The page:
Economic conditions help minimize the impact of closing Sears' businesses

Economic conditions help minimize the impact of closing Sears' businesses

Sears has announced it will close a third location in the region – this time in Piqua – and three shopping malls with huge, empty retail space.

The Springfield Sears will remain the only Sears Holdings location in the region when business is scheduled to close at the Miami Valley Center in Piqua in February. The Dayton Mall Store will be closed on November 25, and the Beavercreek Mall at Fairfield Commons will close sometime in December.

The closures of Sears follow on Elder-Beerman closing its large department stores in the same shopping centers in August.

While Sears Holdings, which also includes Kmart, has been closing branches for years, it recently filed for Chapter 11 bankruptcy in late October. The company has announced the closure of 228 stores this summer.

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While the closures will cost the region hundreds of jobs, the current economy is helping to minimize its impact on low unemployment and rising consumer spending.

"It's never nice to lose a job, but it's true that there are currently many job opportunities, and people should be sure to find a job," said Michael Lipsitz, economics professor at The Fisher School of Business, Miami University ,

The greater concern is when sales from the bankrupt Sears are not transferred to other retailers in the Miami Valley, but to online retailers, which would eventually lead to expenses outside the region. This could lead to tax consequences without the money flowing through the local governments and the workers being less unemployed immediately after Sears closure, Lipsitz said.

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"You may only think of a movement of money rather than a loss," he said. "But it could look like a loss for Ohio."

But there is an advantage.

"There is a sense that Sears' business model was not working anymore," he said. "Hopefully this will be replaced by business models that are better for our community."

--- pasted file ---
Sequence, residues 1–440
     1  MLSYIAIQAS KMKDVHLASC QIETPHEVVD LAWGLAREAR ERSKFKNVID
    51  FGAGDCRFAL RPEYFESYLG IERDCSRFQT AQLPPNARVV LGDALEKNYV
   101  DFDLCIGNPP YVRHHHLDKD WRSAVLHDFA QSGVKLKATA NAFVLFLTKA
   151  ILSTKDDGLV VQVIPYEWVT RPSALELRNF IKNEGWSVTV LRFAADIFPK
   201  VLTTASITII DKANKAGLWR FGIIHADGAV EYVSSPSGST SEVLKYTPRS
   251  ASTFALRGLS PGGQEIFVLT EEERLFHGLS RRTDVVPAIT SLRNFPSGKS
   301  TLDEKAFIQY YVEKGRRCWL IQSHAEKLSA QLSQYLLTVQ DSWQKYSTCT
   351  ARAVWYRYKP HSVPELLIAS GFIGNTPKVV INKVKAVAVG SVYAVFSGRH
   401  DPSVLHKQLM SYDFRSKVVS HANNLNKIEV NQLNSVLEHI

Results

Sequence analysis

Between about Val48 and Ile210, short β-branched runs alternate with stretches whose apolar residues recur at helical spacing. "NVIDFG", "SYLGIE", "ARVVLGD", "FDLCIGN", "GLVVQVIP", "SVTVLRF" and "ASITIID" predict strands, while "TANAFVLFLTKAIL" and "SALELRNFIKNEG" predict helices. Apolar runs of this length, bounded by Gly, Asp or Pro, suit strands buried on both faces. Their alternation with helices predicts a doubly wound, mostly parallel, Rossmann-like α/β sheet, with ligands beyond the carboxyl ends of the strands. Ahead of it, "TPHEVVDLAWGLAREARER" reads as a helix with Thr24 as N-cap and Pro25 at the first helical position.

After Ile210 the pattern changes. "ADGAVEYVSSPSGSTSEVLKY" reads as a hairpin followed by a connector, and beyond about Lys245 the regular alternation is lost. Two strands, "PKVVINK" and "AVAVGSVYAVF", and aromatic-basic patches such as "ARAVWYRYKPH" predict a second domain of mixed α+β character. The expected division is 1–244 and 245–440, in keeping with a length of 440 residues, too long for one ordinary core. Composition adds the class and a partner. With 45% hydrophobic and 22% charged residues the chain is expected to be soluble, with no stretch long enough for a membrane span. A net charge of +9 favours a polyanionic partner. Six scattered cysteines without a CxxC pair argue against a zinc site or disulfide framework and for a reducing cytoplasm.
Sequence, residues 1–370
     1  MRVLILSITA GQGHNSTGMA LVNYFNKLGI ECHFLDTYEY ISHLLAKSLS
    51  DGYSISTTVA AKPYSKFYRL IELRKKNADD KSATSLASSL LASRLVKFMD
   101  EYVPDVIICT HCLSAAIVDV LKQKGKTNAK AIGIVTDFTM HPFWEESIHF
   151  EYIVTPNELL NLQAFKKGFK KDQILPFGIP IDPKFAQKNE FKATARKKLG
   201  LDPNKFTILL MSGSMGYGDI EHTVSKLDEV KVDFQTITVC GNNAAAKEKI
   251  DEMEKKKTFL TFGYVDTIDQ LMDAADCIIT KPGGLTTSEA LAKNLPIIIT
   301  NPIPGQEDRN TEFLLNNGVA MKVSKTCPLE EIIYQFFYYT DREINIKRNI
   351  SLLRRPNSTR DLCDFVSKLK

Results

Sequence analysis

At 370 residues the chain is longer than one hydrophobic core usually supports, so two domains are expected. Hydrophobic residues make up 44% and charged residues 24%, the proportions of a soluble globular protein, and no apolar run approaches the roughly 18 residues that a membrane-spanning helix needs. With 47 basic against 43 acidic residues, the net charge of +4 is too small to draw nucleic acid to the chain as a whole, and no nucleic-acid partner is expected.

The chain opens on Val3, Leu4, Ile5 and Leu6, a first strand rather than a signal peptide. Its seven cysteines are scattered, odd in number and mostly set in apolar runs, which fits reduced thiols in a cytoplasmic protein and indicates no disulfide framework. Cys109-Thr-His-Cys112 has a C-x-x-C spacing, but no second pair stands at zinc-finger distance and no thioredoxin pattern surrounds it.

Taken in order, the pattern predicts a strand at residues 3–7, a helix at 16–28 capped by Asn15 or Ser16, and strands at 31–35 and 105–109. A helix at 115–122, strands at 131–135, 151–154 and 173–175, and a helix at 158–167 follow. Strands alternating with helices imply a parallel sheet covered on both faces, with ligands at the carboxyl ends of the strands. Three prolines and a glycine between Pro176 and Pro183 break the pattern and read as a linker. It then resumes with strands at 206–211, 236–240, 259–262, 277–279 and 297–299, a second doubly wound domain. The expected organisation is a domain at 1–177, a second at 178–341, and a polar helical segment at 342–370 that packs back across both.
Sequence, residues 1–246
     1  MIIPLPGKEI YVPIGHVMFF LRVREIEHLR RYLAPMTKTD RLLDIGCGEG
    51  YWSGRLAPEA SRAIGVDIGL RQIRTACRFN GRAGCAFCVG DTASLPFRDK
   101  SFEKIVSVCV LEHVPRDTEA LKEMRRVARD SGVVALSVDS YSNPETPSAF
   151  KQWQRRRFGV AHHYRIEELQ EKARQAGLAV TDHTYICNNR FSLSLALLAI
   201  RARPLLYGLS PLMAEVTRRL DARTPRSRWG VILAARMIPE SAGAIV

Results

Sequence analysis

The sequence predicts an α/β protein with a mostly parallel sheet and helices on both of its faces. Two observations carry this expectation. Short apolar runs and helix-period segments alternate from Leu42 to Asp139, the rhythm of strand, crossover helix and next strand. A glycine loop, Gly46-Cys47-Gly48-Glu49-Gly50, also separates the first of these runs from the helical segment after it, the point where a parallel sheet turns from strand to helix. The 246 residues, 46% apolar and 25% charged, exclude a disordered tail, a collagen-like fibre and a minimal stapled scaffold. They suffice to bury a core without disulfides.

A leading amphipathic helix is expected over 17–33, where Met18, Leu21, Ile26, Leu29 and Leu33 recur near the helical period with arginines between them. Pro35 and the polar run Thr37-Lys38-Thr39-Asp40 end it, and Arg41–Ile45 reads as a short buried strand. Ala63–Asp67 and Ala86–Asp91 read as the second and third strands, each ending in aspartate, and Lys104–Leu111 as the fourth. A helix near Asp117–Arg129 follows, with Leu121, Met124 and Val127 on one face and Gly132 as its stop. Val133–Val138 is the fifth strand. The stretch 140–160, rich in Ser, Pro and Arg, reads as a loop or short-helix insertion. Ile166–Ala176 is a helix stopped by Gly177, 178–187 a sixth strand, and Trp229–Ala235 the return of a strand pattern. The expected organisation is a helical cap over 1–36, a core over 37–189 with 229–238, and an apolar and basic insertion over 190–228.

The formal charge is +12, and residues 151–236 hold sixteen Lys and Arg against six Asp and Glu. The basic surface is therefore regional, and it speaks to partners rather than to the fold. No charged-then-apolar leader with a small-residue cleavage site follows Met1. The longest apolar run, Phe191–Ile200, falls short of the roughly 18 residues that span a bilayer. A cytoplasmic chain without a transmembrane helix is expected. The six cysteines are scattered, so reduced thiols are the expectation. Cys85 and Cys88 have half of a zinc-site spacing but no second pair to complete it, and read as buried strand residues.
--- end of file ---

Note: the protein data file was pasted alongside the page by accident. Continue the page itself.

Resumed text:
This business model could include a stronger focus on e-commerce, which is shaping the current trading landscape. Ideally, this new business model will find a way to work locally, Lipsitz said.

It could also include experiences that are becoming more prevalent in outdoor and indoor shopping centers as consumers' shopping habits change.

"(The Piqua Mall) has some unique opportunities to bring something unique and entertaining," said Tim Echemann, director of Industrial Property Brokers in Piqua.

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Beavercreek's Mall at Fairfield Commons has been successful with the entertainment concept and plans to divide the Sears room into the Round 1 entertainment concept and The Room Place furniture store. But the Dayton Mall is still working on plans to fill its place. The Elder Beerman rooms in all three shopping malls are also empty.

"In anticipation of this happening, we have been working with some potential tenants for some time. Sears' problems are well known and this closure was expected, "said Bill Staebler, director of retail development for Mid-America, owner of the Miami Valley Center Mall.

Both the 100,000-square-foot Sears location and the Elder-Beerman box at Piqua Mall would have attracted interest from several parties, he said. However, it is unlikely that the public will see movement in the space for a few months, as Sears is not expected to close before February and retailers are stalling their expansion while focusing on selling vacations.

"These are difficult times in retail, we all understand that," said Staebler. "But we have owned the mall for 25 years and will stick to it. We like the location, we like Piqua, we like the market. "

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He said Piqua was particularly attractive for his hotel, the car park and the location from Interstate 75.

And Piqua is in a thriving part of the state for a mall, even though it's rural, said Tim Echemann, director at Industrial Property Brokers in Piqua. It's the right distance from Dayton to have a steady stream of customers, especially with the growth of nearby Troy, and far enough away that residents would rather stay in the community than travel to Beavercreek or Miami Twp.

"The other thing that really goes in their favor is that the economy is having elections and what's happening, we will not see any big changes in the economy and it's going to be so strong at the moment that there's never a better time for one Landing gave an opportunity for the room there. "


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